There is a new kid on the block: Excel 2013. So its time to see how it shapes up for VBA performance against its predecessors. Along the way I will try to answer these questions:.
How does Excel 2013 VBA performance compare with previous versions?
Is 64-bit VBA faster or slower than 32-bit VBA?
Is there an optimum block size (number of cells) for getting cell data with VBA or C++?
How much faster is C++ than VBA when reading data from Cells?
Excel 2013 VBA Benchmark
Frequently the bottleneck in VBA processing time is reading and writing to Excel cells. So my Variant_Benchmark times this for a variety of cell sizes.
It turns out the relationship between time taken and the number of cells you get in a single block is pretty much linear over small ranges:
Time = overhead + number_of_cells * Time_per_cell
Running this test for on my Dell Studio XPS desktop (2.9 MHZ) for all the versions of Excel I currently have installed gives this table, (slightly overcoloured by the Excel 2013 quick analysis tool – but Quick Analysis is great for charting and formatting idiots like me).
The first 2 columns give times in milliseconds for reading and writing a single block of 512 cells, and the second 2 columns give times in milliseconds for writing a single cell 512 times.
Two things are immediately obvious:
- Reading and writing cell-by-cell is at least an order of magnitude slower than reading and writing a large block of cells in a single call.
- Writing data back to Excel is much slower than reading data from Excel.
Looking at the variations by Excel versions it is interesting to see that Excel 97 is the fastest version for cell-by-cell but the slowest version for block by block.
Read times for a 512 block have been decreasing since XL 2003: and the current champion reader is Excel 2013 64-bit.
But Write times for a 512 block have been increasing since XL 2000 – the current champion writer.
Looking at cell-by-cell you get this bar chart:
Reading and writing cell-by-cell just goes from bad (Excel 97) to worse (Excel 2010 32).
But its interesting to note that the 64-bit versions are faster than the 32-bit versions for 512 cell blocks, but slower for cell-by-cell.
Is there an optimum Block size for VBA data transfer?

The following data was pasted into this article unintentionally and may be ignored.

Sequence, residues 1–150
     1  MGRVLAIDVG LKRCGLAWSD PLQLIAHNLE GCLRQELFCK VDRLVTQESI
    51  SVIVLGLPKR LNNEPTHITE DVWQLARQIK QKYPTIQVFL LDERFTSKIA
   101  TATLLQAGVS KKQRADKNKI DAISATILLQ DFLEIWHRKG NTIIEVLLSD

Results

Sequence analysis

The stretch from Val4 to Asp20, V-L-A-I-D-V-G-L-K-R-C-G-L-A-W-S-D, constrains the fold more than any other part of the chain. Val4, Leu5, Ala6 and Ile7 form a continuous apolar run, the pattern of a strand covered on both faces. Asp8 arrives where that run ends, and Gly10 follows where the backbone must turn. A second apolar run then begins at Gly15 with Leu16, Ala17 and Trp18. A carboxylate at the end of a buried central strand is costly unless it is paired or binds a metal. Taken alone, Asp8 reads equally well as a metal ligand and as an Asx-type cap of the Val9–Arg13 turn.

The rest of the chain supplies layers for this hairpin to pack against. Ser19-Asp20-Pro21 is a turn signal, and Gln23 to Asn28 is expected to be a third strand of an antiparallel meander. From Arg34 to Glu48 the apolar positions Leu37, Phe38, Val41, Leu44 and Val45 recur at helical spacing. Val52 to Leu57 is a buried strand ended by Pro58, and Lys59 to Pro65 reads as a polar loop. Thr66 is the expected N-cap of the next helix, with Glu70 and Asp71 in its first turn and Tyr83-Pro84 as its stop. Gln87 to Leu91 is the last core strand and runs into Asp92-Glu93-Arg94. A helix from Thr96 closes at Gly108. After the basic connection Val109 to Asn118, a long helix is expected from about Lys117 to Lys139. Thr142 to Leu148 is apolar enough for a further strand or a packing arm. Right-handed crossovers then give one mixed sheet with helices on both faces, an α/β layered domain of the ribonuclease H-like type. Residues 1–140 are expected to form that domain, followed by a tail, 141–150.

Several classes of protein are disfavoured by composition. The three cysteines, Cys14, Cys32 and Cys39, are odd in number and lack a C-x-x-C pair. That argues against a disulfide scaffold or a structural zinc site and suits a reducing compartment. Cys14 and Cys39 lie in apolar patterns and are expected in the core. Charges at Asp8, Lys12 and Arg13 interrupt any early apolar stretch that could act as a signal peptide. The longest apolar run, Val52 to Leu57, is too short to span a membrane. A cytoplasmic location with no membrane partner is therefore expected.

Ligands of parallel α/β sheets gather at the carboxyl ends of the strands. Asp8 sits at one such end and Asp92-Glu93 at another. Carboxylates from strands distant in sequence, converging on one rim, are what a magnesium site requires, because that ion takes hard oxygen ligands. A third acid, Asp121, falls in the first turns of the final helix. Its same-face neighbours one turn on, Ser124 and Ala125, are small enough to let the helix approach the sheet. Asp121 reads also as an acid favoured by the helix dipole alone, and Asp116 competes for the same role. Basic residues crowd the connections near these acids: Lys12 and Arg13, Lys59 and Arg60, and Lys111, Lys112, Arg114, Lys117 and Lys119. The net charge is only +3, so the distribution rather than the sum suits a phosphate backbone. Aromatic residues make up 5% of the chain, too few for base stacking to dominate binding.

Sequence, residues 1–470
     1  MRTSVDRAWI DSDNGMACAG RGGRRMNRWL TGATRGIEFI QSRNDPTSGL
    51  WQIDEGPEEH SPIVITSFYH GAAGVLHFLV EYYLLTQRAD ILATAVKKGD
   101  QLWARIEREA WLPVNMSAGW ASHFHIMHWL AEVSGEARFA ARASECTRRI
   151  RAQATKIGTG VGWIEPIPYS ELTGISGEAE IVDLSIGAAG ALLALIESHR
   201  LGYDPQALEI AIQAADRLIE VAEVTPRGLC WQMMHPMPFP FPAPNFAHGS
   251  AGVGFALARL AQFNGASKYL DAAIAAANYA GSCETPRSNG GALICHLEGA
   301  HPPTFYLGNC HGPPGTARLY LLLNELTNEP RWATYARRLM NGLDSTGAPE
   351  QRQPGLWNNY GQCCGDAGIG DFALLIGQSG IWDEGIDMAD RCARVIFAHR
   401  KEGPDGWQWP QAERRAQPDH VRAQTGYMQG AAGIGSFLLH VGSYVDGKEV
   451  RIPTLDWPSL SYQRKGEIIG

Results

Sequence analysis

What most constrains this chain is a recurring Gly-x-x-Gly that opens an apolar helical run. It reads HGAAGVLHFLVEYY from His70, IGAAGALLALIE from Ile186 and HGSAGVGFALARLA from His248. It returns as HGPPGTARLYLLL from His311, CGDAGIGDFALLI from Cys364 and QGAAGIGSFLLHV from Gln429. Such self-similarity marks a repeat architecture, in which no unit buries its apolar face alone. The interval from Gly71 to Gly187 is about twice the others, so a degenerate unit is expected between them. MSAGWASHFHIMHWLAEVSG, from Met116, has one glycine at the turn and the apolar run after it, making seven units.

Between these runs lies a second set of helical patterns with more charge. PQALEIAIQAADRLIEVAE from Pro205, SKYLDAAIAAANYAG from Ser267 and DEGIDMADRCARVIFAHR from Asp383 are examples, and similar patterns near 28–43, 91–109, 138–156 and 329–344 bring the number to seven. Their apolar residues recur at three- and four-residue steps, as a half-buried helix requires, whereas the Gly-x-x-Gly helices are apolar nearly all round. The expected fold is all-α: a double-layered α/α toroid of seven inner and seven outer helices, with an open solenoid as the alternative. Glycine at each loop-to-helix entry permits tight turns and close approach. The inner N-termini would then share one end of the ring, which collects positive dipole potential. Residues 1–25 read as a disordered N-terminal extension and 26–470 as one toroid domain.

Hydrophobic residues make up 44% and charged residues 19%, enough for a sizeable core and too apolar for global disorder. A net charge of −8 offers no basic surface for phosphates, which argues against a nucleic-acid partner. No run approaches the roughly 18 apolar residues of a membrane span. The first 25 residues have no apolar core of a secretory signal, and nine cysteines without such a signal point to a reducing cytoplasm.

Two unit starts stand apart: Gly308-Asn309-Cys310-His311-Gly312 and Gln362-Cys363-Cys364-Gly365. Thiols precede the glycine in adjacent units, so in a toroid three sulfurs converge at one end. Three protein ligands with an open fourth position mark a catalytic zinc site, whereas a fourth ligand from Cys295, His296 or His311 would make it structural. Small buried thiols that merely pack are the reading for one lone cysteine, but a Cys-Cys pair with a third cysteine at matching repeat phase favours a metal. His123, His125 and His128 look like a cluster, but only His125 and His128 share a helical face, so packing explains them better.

Many excel versions ago (Excel 97?) I did an analysis which showed that if you increased the number of cells being read into the variant array too much the time started to increase. So I thought I would look at this again with the latest Excel versions.
So far I have not detected any decrease in efficiency: you can use as large a block of cells as you like (subject to memory limits of course).
What about C++ XLLs?
The XLL equivalent to transferring data from a range of excel cells to a variant array is the COERCE function. This has the additional benefit of letting you know if the attempt failed because of uncalculated cells.
And XLL Coerce is faster than VBA, by a factor of 2 or more.
Coerce does seem to have an optimum block size. Beyond about 1000 cells the time taken suddenly jumps by 25 to 30% in the 32-bit versions, except for XL 2013 64-bit where this does not happen.
- Read/write using large Ranges is much more efficient than cell-by-cell
- Excel 2013 VBA read/write speed is comparable to Excel 2010
- The 64-bit versions are faster for large ranges than the 32-bit versions
- VBA does not currently appear to have an optimum block size: the larger the range the better.
- XLL Coerce is a lot faster than VBA
- XLL Coerce 32-bit has an optimum block size just under 1000 cells
I have not tested .NET Interop with Excel 2013, but I expect its still the same depressing performance story. If you know anything different please let me know!